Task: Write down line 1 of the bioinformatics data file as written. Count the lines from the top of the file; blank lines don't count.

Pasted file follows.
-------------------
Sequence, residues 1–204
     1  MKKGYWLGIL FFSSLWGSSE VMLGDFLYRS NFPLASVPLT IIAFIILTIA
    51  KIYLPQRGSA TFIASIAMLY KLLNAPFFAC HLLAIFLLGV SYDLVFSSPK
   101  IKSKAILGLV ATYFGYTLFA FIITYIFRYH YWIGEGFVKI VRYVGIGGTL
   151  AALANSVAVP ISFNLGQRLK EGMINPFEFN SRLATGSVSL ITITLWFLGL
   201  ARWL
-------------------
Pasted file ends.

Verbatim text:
Sequence, residues 1–204